A relative minnow has underlined the potential of the North Sea’s undeveloped gas resources just as their value has been evident amid the fallout from the Ukraine war.

However, while the onus is on ministers to ensure we make the most of the North Sea, it does not mean they should pay any price that oil and gas firms may demand if they are to commit to projects.

IOG passed a landmark in a remarkable development process earlier this month when it started production from two gas fields in the North Sea.

READ MORE: North Sea gas field start-up welcomed amid fallout from war in Ukraine

These form part of a project involving a series of finds that had been left undeveloped for decades, which the former Independent Oil and Gas nurtured through the downturn triggered by the slump in the crude price from 2014.

HeraldScotland: Picture: IOGPicture: IOG

US billionaire Warren Buffett provided a stunning endorsement for IOG’s vision in 2019 when his CalEnergy Resources paid £40 million to buy into the project and agreed to cover up to £125m costs.

IOG had a market capitalisation of around £50m before the deal was announced.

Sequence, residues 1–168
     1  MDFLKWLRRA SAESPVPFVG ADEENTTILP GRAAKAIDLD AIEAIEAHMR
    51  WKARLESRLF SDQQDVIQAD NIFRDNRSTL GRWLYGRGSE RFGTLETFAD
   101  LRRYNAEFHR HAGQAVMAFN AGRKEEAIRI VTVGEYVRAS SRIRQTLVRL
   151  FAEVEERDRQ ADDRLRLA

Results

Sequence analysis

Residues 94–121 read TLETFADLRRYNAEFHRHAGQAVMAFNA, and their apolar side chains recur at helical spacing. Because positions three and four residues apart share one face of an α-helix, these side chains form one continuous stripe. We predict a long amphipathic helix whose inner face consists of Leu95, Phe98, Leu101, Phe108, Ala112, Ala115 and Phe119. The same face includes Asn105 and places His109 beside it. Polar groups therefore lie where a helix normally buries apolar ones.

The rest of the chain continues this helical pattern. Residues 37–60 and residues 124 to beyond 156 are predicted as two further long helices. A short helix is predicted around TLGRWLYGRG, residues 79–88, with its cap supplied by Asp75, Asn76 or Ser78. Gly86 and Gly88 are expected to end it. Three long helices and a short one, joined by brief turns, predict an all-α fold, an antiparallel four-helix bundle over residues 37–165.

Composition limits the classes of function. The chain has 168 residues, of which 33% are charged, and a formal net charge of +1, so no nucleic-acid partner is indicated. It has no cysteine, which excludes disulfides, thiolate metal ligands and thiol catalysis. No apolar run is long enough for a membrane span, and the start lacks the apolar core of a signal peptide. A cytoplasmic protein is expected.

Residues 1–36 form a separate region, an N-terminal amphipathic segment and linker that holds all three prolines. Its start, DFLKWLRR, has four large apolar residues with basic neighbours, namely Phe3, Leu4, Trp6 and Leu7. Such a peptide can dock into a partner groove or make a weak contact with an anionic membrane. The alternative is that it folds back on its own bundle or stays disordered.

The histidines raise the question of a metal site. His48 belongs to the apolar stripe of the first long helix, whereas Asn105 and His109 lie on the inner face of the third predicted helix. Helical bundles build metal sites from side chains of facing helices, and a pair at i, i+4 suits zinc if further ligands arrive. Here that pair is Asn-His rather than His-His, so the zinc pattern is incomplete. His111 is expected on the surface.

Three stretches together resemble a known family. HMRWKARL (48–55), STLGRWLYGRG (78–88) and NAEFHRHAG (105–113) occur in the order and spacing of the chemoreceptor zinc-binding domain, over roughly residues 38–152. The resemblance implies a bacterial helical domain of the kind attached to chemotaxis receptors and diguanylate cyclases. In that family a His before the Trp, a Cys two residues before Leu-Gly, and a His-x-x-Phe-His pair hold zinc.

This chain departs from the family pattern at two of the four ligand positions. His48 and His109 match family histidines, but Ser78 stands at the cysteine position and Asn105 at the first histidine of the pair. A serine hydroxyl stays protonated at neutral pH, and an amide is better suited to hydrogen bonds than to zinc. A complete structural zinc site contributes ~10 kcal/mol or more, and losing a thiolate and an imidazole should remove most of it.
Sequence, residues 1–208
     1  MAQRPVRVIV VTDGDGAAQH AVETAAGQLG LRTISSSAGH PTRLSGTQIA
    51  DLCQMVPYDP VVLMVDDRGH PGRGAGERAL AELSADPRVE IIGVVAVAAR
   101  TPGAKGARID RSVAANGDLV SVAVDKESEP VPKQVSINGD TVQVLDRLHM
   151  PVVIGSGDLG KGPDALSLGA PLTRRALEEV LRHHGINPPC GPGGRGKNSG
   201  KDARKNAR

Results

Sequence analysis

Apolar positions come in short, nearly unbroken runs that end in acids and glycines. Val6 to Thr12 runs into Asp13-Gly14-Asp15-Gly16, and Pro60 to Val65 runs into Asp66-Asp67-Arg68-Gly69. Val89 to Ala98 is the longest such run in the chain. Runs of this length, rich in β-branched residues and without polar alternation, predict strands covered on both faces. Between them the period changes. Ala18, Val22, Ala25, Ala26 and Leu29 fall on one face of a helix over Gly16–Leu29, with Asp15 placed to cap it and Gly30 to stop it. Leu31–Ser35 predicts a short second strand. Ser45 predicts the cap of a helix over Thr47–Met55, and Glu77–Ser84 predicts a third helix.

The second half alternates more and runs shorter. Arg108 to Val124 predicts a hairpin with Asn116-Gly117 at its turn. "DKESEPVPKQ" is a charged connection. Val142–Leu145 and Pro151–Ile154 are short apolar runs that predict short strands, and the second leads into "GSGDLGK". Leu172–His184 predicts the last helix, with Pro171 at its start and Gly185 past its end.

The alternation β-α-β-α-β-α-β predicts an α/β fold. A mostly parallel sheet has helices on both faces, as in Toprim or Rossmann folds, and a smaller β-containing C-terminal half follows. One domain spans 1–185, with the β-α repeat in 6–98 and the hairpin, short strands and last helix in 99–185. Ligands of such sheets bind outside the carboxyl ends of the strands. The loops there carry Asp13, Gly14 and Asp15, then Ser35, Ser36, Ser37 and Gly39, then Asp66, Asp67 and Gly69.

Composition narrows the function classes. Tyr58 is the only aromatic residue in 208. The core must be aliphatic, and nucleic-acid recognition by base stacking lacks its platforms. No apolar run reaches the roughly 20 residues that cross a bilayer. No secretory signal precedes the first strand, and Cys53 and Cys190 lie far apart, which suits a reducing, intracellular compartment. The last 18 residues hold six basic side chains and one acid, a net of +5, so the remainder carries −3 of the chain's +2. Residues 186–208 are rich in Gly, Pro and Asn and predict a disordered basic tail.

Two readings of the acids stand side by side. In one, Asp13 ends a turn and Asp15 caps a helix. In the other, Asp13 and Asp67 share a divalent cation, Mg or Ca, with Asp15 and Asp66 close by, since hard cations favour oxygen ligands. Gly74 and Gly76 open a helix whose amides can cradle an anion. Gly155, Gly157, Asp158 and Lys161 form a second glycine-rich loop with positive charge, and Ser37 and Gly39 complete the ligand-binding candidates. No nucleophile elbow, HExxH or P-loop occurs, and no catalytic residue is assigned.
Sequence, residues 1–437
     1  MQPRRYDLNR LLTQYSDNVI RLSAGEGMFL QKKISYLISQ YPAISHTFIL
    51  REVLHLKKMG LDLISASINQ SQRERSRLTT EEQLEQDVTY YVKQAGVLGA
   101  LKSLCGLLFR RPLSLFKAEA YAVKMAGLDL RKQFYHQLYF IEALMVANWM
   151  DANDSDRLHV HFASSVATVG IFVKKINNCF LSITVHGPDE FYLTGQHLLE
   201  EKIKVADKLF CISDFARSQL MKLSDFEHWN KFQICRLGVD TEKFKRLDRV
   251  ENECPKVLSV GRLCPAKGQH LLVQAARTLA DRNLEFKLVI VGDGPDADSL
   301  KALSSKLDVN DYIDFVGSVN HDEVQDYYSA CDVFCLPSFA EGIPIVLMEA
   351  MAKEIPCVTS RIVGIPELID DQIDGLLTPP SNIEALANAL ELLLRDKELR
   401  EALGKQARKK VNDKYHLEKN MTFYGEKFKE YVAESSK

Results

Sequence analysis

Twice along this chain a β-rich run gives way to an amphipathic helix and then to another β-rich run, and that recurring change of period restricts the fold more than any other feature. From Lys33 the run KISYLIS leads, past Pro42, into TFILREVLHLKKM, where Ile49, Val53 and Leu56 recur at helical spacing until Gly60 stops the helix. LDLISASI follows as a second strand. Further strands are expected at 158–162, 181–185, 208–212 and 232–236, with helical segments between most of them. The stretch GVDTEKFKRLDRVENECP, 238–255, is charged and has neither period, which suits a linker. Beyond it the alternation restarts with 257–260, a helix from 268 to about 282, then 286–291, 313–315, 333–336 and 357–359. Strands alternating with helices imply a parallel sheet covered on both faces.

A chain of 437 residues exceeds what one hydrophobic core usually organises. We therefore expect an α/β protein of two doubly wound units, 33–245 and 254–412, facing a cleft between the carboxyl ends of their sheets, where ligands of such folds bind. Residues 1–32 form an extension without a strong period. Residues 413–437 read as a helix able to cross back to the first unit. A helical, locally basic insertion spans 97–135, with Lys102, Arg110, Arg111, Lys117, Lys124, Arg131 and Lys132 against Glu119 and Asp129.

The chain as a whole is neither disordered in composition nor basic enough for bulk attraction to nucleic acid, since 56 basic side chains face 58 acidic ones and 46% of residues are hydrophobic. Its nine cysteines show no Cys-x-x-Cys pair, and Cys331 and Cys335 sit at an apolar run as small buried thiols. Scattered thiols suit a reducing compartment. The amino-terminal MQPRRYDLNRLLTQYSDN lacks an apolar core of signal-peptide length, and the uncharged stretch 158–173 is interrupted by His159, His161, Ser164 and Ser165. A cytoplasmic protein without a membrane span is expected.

The backing helped the company to press on after facing challenges with a project that involved recommissioning a disused pipeline as well as installing new facilities. The work concerned provided a boost for the supply chain, even if it was completed relatively quickly after IOG secured the required financing.

The speed of the process provides a reminder of how quickly finds can be developed in the North Sea where there is lots of production infrastructure in place.

It undermines the argument made by the Climate Change Committee in a recent report that development timescales mean North Sea exploration activity can not result in production being boosted quickly enough to have any impact on market conditions. This was seized on by campaigners who appear to be opposed to the oil and gas industry on ideological grounds.

In an update issued this week IOG confirmed that the outlook for the project is good. Production to date has been encouraging and drilling work on another find is set to resume.

READ MORE: North Sea firms generate bumper profits as gas price surge fuels windfall tax calls

IOG and CalEnergy Resources are now set to capitalise on the dramatic increase in gas prices fuelled by the recovery from the pandemic, which was given fresh impetus by the Ukraine war.